The total mintage of the first two 50 laari coins is currently unknown. A reported 301,270 examples with a security edge were minted in 1960, including 300,000 business strikes and 1,270 proofs. An unknown quantity of reeded-edged business strikes was made in 1960, but in 1979, a recorded 100,000 specimens were coined, a handful made with a proof finish.

Gregorian Islamic
1960 ١٣٧٩ (1379)
1979 ١٣٩٩ (1399)

Second design (1984–2008)[]

50 laari coin

Nickel-brass coin from 1990

The popularity of restoring the Maldives as a republic ultimately resulted in the abolition of the Maldivian Sultanate and the establishment of the current Republic of the Maldives in 1968. Muhammad Fareed Didi was then removed as leader of the Maldives, and Prime Minister Ibrahim Nasir (1926–2008) was instated as the first President of the Second Maldivian Republic, a position he held until 1978. The first 50 laari piece of the Republic was issued in 1979, under Nasir's successor, Maumoon Abdul Gayoom (1937–), in the style of the coin of the Sultanate (information about the piece is available above). In 1984, however, the newly established (1981) Maldives Monetary Authority (MMA) authorized the introduction of a redesigned series of circulation coins consisting of pieces denominated at 1, 5, 10, 25, and 50 laari, and 1 rufiyaa. Called upon to strike the coins was the Royal Mint (relocated to Llantrisant, Wales, in 1968), which utilized for the pieces designs submitted by Maldivian artists Maizan Hassan Manik and Ahmed Abbas. The 50 laari coin of the series was produced again in 1990 and 1995, and was replaced in 2008 by a coin of the same design and denomination, but of a different composition and mass. Earlier-dated examples are composed of nickel-brass and weigh approximately 5.66 grams, whereas the 2008 pieces are made of brass-plated steel and weigh a lighter 5.15 grams. Due to being primarily made of steel, the latter is magnetic. Coins from all dates measure 23.6 millimeters in diameter and 1.85 millimeters in thickness. They have medallic alignment and a reeded edge, and are round in shape.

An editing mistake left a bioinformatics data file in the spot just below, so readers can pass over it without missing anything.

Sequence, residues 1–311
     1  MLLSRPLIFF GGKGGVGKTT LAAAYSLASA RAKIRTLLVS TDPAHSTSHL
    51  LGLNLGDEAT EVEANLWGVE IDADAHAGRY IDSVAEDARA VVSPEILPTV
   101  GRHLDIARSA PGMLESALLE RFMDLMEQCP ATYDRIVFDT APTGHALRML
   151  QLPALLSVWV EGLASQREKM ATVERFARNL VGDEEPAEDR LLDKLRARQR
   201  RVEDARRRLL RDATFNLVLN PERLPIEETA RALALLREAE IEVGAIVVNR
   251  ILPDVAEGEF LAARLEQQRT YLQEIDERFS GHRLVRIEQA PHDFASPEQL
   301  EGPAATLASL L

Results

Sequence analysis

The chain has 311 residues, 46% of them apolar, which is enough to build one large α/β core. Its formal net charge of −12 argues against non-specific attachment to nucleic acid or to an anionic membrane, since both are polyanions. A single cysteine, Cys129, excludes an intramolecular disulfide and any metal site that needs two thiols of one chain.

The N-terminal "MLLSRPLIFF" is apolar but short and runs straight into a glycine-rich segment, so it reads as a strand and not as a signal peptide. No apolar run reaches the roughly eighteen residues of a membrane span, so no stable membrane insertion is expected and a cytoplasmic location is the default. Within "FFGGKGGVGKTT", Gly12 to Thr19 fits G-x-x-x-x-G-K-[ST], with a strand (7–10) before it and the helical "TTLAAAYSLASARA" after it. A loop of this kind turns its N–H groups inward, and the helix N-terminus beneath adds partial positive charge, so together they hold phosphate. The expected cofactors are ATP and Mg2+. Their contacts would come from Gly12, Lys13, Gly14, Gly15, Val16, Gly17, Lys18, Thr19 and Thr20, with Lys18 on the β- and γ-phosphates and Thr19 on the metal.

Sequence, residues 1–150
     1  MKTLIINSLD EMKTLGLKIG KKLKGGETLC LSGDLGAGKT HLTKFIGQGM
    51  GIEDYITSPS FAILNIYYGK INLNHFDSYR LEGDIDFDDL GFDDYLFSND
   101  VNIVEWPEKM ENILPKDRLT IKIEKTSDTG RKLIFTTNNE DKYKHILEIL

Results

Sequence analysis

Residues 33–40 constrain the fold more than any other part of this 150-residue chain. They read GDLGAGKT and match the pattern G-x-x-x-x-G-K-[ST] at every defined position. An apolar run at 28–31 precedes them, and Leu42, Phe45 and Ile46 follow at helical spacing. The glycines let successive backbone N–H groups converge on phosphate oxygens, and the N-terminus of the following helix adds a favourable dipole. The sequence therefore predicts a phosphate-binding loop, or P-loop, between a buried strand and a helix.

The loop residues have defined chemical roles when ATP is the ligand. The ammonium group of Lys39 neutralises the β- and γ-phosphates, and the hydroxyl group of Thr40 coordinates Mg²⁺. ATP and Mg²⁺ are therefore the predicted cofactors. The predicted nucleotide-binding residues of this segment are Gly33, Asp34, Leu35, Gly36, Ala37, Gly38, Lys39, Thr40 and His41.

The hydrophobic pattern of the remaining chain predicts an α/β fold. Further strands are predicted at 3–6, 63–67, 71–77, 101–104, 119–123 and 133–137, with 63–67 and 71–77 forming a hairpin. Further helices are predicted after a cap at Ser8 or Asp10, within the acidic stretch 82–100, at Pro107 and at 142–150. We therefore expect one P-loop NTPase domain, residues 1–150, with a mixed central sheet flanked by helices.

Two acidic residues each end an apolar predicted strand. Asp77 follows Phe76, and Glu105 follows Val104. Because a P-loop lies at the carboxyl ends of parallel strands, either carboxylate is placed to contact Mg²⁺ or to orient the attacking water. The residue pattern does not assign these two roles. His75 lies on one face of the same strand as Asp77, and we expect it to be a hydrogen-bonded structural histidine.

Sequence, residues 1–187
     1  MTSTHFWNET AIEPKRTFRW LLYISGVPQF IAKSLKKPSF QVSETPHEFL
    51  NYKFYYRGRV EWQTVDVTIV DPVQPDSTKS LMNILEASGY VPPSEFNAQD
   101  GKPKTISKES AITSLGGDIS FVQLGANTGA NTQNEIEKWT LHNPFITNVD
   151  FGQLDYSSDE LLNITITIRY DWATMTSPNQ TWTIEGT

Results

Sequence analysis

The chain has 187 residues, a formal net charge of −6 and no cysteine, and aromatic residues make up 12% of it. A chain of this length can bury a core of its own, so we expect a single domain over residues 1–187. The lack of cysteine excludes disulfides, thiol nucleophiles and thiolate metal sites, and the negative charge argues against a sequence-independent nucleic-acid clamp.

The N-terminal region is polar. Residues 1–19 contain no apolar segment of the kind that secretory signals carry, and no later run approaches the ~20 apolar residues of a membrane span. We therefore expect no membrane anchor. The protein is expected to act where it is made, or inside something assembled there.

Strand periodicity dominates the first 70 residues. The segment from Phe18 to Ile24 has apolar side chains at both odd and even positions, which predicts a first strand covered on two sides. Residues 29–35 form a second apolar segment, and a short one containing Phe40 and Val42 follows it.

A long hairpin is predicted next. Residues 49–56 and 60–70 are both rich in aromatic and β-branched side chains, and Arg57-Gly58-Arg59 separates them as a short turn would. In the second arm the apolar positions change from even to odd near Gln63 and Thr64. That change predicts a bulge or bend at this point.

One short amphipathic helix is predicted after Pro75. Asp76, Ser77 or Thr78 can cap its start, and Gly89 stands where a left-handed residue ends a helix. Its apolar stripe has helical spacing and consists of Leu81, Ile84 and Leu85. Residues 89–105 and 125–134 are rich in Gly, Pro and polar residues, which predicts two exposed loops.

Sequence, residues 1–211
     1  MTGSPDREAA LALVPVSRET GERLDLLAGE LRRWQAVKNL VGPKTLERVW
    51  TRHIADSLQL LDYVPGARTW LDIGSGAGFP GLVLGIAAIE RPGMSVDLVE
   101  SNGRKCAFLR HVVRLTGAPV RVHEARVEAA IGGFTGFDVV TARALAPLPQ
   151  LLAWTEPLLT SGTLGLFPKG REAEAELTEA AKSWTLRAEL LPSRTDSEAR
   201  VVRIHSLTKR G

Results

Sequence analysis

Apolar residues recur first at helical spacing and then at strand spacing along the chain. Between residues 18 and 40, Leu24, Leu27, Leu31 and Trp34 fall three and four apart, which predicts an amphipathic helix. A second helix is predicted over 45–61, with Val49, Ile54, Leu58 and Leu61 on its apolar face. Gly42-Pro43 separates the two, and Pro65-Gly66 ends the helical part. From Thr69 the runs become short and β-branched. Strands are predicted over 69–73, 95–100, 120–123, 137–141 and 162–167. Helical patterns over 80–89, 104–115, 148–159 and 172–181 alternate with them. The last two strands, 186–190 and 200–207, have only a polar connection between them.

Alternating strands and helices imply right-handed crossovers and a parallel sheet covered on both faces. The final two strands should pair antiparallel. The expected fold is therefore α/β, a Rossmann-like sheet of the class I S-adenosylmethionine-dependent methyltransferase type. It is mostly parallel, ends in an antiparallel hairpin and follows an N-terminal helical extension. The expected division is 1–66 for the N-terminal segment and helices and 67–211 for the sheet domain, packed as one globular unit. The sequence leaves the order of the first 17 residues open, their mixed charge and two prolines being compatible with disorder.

Instead of the emblem of the Maldives, which appears on the initial series of rufiyaa coins, a loggerhead sea turtle (Caretta caretta) swimming to the right is displayed in the center of the obverse. Slanted upward at the upper left periphery of the piece is the Gregorian date in Western Arabic numerals, accompanied at the top right periphery by the downward-angled Islamic Hijri date, which is written in Eastern Arabic numbers. A decorative knotted rope extends along the bottom portion of the coin's periphery, the "MMA" initials of the Maldives Monetary Authority displayed below in small font. The numeral "50" (fansaas) is inscribed in a large Arial-like font in the center of the reverse, and is followed below by the Maldivian "ލާރި" (laari) and then by the Western "LAARI". Both of the words are printed on separate lines and are significantly smaller in size than the numeral that precedes them. Written clockwise along the coin's top left boundary is the state title "MALDIVES", and inscribed in the opposing direction along the top right boundary is the Maldivian equivalent: "ދިވެހިރާއްޖެ" (Dhivehi Raajje). Both rims of the piece are raised.

The total mintages of the third and fourth 50 laari coins are currently unknown. An undisclosed number of business strikes and proofs was made in 1984, followed by an amount of business strikes produced for 1990, 1995, and 2008.

Gregorian Islamic
1984 ١٤٠٤ (1404)
1990 ١٤١١ (1411)
1995 ١٤١٥ (1415)
2008 ١٤٢٩ (1429)


  1. "State of the Mahal Dibayat" was the name given to the Maldive Islands by medieval Arab travelers.
  2. "محلديب" (Mahaldib) is an earlier Arabic name for the Maldives. The island country is currently referred to as "مالديفز" (Maldiifz).